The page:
Design/methodology/approach

The research applies insights gleaned from the field of behavioral strategy, brought to life with illustrative examples of SME managers’ perceptions of Brexit derived from secondary and primary data sources.

Findings

The authors find that a combination of decision-makers’ previous experience and emotions can help account for their interpretations and strategic responses to Brexit.

Practical implications

The research highlights the need for managers to be more aware of how their personal characteristics can influence their mindsets and shape how they choose to respond to uncertain and ambiguous developments in foreign markets.

Originality/value

The research exposes important, behavioral dimensions of decision-making, which remain under-explored in the existing international business literature.

Details

Journal of Business Strategy, vol. 42 no. 3
Type: Research Article
ISSN: 0275-6668

Keywords

To view the access options for this content please click here
Article
Publication date: 24 August 2018

Bin Chen, Song Cen, Andrew R. Barron, D.R.J. Owen and Chenfeng Li

The purpose of this paper is to systematically investigate the fluid lag phenomena and its influence in the hydraulic fracturing process, including all stages of fluid-lag…

Abstract

Purpose

The purpose of this paper is to systematically investigate the fluid lag phenomena and its influence in the hydraulic fracturing process, including all stages of fluid-lag evolution, the transition between different stages and their coupling with dynamic fracture propagation under common conditions.

Design/methodology/approach

A plane 2D model is developed to simulate the complex evolution of fluid lag during the propagation of a hydraulic fracture driven by an impressible Newtonian fluid. Based on the finite element method, a fully implicit solution scheme is proposed to solve the strongly coupled rock deformation, fluid flow and fracture propagation. Using the proposed model, comprehensive parametric studies are performed to examine the evolution of fluid lag in various geological and operational conditions.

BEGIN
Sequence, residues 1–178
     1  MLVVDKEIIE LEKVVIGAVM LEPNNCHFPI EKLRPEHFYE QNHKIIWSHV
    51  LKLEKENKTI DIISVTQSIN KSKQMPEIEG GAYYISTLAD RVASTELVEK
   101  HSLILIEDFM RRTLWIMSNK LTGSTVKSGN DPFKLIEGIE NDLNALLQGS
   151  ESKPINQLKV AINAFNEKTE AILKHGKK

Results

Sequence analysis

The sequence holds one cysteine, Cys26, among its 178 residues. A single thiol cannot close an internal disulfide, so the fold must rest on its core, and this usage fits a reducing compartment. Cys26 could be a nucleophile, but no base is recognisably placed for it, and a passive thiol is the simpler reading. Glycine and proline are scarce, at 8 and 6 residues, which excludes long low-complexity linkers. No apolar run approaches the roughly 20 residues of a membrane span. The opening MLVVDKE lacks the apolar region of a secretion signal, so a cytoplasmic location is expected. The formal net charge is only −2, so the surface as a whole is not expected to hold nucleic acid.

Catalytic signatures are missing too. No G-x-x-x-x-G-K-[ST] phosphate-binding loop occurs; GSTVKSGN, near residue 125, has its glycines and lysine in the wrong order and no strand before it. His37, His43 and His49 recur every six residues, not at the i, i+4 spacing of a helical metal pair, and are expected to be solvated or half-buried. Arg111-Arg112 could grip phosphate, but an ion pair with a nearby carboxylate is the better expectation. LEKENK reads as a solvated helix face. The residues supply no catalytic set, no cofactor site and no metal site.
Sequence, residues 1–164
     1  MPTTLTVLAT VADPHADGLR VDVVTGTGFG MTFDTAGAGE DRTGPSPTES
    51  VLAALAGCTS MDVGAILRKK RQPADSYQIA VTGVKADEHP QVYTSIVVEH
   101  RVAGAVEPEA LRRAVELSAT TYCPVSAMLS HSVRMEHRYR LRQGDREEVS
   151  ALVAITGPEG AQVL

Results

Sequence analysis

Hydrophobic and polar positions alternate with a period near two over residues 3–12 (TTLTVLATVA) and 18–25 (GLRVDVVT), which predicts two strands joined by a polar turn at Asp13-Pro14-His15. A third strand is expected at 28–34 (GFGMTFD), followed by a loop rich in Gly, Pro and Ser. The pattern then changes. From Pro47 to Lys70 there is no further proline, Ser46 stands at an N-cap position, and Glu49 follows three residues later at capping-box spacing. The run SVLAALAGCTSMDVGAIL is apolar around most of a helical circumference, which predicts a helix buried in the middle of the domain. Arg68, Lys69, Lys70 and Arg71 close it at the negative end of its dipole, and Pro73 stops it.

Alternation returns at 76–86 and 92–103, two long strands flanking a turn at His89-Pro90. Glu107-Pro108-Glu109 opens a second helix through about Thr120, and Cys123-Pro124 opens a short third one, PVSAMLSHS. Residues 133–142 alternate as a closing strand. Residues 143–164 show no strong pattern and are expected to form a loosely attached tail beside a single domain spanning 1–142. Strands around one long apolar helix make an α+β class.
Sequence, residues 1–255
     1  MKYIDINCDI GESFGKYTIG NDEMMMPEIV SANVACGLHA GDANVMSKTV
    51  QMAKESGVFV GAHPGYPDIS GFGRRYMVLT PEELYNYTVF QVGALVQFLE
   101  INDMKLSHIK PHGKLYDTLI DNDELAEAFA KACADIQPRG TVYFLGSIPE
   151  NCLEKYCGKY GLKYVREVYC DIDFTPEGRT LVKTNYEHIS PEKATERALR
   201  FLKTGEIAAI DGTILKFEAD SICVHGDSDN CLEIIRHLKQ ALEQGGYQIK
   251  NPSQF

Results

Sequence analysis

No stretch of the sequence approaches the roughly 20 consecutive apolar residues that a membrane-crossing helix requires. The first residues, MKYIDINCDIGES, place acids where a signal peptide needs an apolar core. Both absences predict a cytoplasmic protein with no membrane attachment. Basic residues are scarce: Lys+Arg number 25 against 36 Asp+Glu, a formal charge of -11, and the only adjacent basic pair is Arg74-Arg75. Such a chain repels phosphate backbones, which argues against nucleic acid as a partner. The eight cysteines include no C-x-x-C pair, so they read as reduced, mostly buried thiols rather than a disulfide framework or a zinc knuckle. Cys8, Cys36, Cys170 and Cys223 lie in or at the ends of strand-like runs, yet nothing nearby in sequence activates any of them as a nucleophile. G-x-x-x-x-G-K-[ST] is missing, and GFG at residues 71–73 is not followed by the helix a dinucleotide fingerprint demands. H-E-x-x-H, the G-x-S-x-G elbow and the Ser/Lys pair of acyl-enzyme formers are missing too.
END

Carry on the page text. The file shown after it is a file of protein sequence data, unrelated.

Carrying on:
Findings

The numerical simulations predict that the lag ratio is around 5% or even lower at the beginning stage of hydraulic fracture under practical geological conditions. With the fracture propagation, the lag ratio keeps decreasing and can be ignored in the late stage of hydraulic fracturing for typical parameter combinations. On the numerical aspect, whether the fluid lag can be ignored depends not only on the lag ratio but also on the minimum mesh size used for fluid flow. In addition, an overall mixed-mode fracture propagation factor is proposed to describe the relationship between diverse parameters and fracture curvature.

Research limitations/implications

In this study, relatively simple physical models such as linear elasticity for solid, Newtonian model for fluid and linear elasticity fracture mechanics for fracture are used. The current model does not account for such effects like leak off, poroelasticity and softening of rock formations, which may also visibly affect the fluid lag depending on specific reservoir conditions.

Originality/value

This study helps to understand the effect of fluid lag during hydraulic fracturing processes and provides numerical experience in dealing with the fluid lag with finite element simulation.

Details

Engineering Computations, vol. 35 no. 5
Type: Research Article
ISSN: 0264-4401

Keywords

To view the access options for this content please click here
Book part
Publication date: 24 November 2016

Pratik Arte and Andrew Barron

This study is a response to the paucity of research into early internationalising firms based in India. We seek to explore the internationalisation of small and new Indian…

Abstract

Purpose

This study is a response to the paucity of research into early internationalising firms based in India. We seek to explore the internationalisation of small and new Indian firms and the decision-making process of their entrepreneurs/managers.